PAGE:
I'm really working on my Mandarin again now. I feel it's important to keep up with languages I've used a lot in the past, and Mandarin is obviously one of them. The thing with Mandarin is that I got to quite a good spoken level, but an abysmal written one. I'm quite confident in my spoken Mandarin and you'll notice that in conversations, despite the accent and some of the tonal screw-ups I'm easy enough to understand (although the fact I learned my Mandarin in Beijing's environs really shines through - I had a class with a Taiwanese teacher today and she can really hear all the mainlandisms that I use, INCLUDING all the little things, like particles I tack on the end of sentences, more erhua, but also words that I use and particular intonation patterns common to Northern China but absent elsewhere). My written Mandarin is horrible but we're working on reading comprehension as well in order to improve that.

Actually one of my goals now is to get deeper into the more slangy types of the language, into different registers, and into other varieties of the language such as the one spoken in Taiwan. It would be an absolute shame to let such a good base go to waste (I speak quite acceptably). I've got the basics down so it's time to diversify my Mandarin in those directions that would make it as well-rounded as all my other good languages such as Russian or Spanish or English.

And a funny anecdote when I was at a tattoo parlour a few months back and mentioned I had lived in China and learned some Mandarin: the shop owner's reaction was not "wow, you speak Mandarin" but rather "that's useful - you should maintain the language, it will come in handy." Which I think really exemplifies the Dutch attitude to language learning - because Dutch people are much more comfortable adapting to other people and learning foreign languages, having skills in one or two languages is not really that impressive (many people speak a second language and having studied three is not at all uncommon. And some schools even teach Mandarin nowadays). People may be impressed, but they feel languages are useful tools that you can use abroad - and as a Dutch person, the habit and custom is to adapt to others. If that includes learning Mandarin, so be it.

By the way, there are good examples here of people that have done so and derived benefit from it: a Dutch journalist, photographer annex doctor made a tv documentary on the inner workings and cultural particularities of China in a six-parter where he travelled along the Yangtze river. Now, this man had lived in China before and had learned Mandarin well - so well that he conducted all his interviews with Chinese people IN MANDARIN. This led to many situations where people, surprised at the foreigner not only speaking Mandarin but mastering it well, leading them to open up massively and give unique insights into the culture - ones that no anglophone journalist would ever have received without the cultural and linguistic knowledge of this journalist. It really boosted the quality of the production - and something as simple as having worked on your Mandarin effectively caused that result. Of course, he is a clever young man, being a qualified physician as well as a journalist and photographer and speaking fluent Mandarin - but the fact he put in that effort, learned it well, and eventually got more out of his stay in China than most people that live there speaking English in Sanlitun do for years, reveals what the use of knowing Mandarin well is - and how much the Dutch culture should continue to ingrain this mentality into the youngsters. Because he's not the only one to have done this - there are more examples of such journalism in the Netherlands.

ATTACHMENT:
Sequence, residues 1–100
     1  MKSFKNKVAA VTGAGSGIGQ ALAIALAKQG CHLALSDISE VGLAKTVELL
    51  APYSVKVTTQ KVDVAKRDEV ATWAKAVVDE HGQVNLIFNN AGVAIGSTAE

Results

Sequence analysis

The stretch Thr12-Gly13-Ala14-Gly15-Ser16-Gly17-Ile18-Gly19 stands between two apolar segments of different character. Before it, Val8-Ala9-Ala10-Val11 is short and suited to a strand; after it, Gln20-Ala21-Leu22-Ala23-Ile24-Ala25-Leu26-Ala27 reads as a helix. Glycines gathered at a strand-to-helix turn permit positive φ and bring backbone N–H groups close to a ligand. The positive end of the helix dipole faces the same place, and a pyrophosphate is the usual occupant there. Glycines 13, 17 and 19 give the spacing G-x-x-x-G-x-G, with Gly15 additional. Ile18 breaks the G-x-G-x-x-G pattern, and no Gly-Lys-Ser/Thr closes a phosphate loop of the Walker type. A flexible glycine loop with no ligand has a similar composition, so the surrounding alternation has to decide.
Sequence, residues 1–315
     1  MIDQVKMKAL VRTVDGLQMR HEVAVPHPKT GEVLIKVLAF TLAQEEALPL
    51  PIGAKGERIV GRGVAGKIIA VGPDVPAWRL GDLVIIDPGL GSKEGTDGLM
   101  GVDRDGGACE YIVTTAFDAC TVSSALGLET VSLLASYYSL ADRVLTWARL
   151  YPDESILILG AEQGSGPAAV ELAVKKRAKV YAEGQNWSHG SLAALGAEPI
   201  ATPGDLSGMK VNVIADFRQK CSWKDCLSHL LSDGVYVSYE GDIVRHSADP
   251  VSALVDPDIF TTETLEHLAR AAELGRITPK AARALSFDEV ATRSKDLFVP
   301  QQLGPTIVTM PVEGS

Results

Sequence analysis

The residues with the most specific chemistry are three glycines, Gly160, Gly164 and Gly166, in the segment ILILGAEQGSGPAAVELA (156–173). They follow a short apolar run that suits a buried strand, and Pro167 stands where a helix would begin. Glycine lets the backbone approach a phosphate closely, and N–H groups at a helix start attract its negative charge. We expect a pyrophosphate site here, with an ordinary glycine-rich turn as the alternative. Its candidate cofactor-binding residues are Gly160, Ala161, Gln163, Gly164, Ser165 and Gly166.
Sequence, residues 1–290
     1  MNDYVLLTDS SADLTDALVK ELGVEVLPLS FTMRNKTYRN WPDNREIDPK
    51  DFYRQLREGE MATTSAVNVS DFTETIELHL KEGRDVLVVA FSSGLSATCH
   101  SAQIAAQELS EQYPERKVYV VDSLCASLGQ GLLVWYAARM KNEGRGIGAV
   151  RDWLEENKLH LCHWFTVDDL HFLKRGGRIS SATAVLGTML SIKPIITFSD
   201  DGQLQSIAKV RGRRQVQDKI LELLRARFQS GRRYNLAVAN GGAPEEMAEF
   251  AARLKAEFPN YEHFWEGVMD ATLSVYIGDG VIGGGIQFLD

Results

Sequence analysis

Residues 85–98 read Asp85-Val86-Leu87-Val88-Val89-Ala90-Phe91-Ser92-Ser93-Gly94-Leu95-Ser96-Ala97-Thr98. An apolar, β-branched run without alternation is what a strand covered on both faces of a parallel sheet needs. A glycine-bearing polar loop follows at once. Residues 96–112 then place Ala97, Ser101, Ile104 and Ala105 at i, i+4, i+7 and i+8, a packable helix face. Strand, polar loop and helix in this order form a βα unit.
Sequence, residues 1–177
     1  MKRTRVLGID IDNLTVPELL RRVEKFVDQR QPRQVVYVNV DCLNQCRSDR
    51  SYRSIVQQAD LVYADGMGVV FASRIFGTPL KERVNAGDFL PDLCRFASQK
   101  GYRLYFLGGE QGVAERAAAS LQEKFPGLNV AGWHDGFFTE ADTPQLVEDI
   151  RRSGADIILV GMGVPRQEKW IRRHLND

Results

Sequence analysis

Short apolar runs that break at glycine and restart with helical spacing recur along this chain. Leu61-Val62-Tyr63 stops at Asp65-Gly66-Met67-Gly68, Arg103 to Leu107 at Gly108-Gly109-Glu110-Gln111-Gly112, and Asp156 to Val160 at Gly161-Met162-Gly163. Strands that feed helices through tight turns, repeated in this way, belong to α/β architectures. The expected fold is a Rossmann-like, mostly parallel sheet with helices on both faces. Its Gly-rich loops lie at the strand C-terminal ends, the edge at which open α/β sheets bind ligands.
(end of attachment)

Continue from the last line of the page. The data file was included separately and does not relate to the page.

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Re: Tarvos' новый лог

Postby tarvos » Fri Mar 31, 2017 9:03 pm

Besides Mandarin, I finished the Origin of Species and have now moved on to Alive by Petronela Rotar (which despite the name is written in Romanian, and is actually a collection of blog posts and short stories by the author written first on her blog http://www.acestblogdenervi.ro. They are mostly stories related to her actual life and autobiographical in some way, although I don't doubt she embellished some of it. I also downloaded another book by Cristina Nemerovschi called Sânge Satanic (Satanic Blood) which seems to be right up my alley, but apparently really got under the skin of some uptight old-fashioned Romanians who found it too liberal and antipuritanical, what with its depiction of sexuality and so on.

Rebellion, then. Straight up my alley.

And apparently I can still read Romanian, which is nice. I am also two books ahead on my Goodreads challenge and will probably stay ahead at the current speed (I finished 91 pages or so over the past two days).

I need to add more Spanish to my to-do list.
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Atinkoriko
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Re: Tarvos' новый лог

Postby Atinkoriko » Sat Apr 01, 2017 8:24 am

Thank you for the great answer, Tarvos.